The API Briefing: Government APIs in a Post-Apps World
Take out your smartphone and count the number of apps that you have. How many of these apps do you use daily? What about the apps you use weekly? Do you have any apps that you installed but used only once? Any apps that you have never used?
What kind of apps do you have? Are most of the apps used to communicate with friends and family? How many gaming apps do you have? Are the other apps used to help remind you of appointments, find your way around, or alert you about bad weather?
Finally, how much time do you spend using your apps?
According to a recent study by Google, the average number of installed smartphone apps is 36. with 26% of these apps being used on a daily basis. Twenty-five percent of installed apps are never used. Users spend 30 hours a month using apps. The top two types of apps are social networking and gaming. The number one reason people choose an app? It makes their lives easier.
It is that goal of making people’s lives easier that compels Microsoft, Apple, and Google to start building for a post-app world. The major problem with apps is that they are self-contained and do not easily communicate with each other. For example, if a user wants to visit a certain restaurant where he or she can enjoy patio dining and invite friends to meet there, it may take five separate apps to: locate a restaurant; make reservations; map directions to the restaurant; check the weather; and invite the friends. What each of the major technology companies (and many new technology companies) is building now are mobile personal assistants. So, instead of using several apps to plan your evening out, you just tell your personal assistant what you want and it works with the APIs and online services to fulfill your request.
In this post-app world, government APIs will still be vital. Whether it is apps or mobile personal assistants, data is still needed to provide the services. As detailed in earlier postings, many apps rely on government information, from weather data to geographic data to health data—so will the mobile personal assistants. To prepare for the transition to a post-app world, government API creators will need to make two significant changes.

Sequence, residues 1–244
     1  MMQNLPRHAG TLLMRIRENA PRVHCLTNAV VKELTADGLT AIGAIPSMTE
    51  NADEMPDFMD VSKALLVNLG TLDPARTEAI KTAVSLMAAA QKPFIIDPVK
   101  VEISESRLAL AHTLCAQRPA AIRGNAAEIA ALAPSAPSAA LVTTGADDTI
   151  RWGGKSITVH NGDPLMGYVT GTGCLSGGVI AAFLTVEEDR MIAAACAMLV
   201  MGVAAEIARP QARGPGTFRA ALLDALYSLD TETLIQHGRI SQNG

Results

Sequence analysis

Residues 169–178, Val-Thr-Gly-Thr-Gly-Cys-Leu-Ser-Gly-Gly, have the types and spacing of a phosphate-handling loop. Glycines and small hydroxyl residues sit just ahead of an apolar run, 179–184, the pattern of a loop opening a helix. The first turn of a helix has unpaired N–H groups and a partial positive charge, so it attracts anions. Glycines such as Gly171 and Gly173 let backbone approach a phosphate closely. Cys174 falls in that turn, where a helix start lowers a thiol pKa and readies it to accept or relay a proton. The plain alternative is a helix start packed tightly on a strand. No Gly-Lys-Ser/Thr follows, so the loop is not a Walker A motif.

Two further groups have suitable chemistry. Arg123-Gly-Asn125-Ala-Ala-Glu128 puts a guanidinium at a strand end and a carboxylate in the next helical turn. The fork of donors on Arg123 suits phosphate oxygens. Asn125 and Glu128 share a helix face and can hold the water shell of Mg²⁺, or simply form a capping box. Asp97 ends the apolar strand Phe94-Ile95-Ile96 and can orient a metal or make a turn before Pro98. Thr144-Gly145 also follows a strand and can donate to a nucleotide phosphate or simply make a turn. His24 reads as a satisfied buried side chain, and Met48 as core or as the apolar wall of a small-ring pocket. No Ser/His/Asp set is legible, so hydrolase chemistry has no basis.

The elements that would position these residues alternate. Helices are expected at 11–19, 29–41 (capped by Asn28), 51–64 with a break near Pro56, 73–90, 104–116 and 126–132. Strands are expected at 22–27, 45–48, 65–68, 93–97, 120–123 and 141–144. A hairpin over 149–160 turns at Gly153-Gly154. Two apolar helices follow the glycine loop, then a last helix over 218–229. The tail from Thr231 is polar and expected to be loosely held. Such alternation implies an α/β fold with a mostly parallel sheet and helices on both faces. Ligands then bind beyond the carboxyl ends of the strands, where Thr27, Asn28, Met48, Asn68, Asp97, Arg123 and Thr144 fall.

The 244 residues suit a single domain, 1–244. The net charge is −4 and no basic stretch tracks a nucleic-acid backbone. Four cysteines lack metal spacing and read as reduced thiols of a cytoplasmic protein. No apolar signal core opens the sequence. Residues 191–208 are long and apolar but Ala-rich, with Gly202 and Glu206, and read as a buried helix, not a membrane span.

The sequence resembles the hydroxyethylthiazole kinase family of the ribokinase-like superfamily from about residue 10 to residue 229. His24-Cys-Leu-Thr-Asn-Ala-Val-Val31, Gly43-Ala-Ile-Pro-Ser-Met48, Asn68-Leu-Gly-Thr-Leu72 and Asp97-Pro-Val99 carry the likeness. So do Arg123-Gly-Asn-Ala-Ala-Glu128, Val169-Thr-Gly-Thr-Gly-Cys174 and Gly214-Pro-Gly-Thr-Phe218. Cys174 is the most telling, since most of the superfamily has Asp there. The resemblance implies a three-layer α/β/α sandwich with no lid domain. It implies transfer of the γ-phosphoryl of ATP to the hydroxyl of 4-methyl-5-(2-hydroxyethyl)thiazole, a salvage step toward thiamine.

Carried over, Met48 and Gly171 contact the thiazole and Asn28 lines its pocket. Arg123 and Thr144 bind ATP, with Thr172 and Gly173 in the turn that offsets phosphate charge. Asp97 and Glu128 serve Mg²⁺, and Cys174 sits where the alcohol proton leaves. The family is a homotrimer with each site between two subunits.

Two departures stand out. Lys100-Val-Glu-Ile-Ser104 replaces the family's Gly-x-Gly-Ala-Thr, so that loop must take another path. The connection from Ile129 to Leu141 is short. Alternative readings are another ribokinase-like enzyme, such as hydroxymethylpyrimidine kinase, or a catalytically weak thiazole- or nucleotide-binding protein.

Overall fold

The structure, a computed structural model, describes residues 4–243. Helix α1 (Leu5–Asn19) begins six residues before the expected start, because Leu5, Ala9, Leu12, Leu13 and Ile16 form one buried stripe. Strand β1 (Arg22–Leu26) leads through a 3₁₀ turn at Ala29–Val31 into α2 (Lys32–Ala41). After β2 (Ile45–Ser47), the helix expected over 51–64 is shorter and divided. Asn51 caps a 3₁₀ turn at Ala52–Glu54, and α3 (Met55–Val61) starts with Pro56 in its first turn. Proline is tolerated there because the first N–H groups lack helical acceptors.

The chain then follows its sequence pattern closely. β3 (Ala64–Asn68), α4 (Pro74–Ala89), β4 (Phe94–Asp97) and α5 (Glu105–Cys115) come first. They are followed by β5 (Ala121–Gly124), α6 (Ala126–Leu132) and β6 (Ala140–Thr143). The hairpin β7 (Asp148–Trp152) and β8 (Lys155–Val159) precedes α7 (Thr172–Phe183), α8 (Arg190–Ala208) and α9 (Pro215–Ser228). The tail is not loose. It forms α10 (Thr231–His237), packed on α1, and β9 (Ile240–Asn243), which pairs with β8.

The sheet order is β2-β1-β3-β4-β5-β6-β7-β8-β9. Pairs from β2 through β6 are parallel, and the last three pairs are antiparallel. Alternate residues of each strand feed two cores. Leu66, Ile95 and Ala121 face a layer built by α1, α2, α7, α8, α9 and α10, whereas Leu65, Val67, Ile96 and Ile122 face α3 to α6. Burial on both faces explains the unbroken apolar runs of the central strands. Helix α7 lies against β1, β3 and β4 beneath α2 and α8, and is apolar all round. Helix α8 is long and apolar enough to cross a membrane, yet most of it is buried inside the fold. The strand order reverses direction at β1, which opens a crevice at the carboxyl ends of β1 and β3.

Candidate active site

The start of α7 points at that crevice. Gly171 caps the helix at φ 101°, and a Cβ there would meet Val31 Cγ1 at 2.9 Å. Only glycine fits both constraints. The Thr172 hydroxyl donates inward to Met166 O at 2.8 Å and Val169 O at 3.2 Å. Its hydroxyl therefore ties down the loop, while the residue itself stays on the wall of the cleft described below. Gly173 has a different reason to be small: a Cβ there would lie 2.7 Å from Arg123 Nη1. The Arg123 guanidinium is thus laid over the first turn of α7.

First, government APIs must be able to communicate with the mobile personal assistant programs. I am not sure what the coding standards will be, but if the early browser platform wars were any indication, you can expect there will be a high-stakes fight for coding standards. Second, the government APIs must be able to better blend their information with other APIs. Again, there will be another intense coding standards discussion. Whatever is decided, government APIs will play a vital role in the post-app world.
On a personal note: this is my last posting for the API Briefing. I am taking a two-month sabbatical this summer to work on some personal projects. After my sabbatical, I may come back to work for the federal government or may go into the private sector. I have greatly enjoyed writing the column, and I hope you have enjoyed reading about the great work in federal government APIs. Thank you.(Disclaimer: Any tech companies mentioned in this posting are for illustrative purposes only and does not imply an endorsement by the GSA, USDA, or the federal government.) *API – Application Programming Interface; how software programs and databases share data and functions with each other. Check out APIs in Government for more information. _Each week, “The API Briefing” will showcase government APIs and the latest API news and trends. Visit this column every week to learn how government APIs are transforming government and improving government services for the American people. If you have ideas for a topic or have questions about APIs, please contact me via email. All opinions are my own and do not reflect the opinions of the USDA and GSA._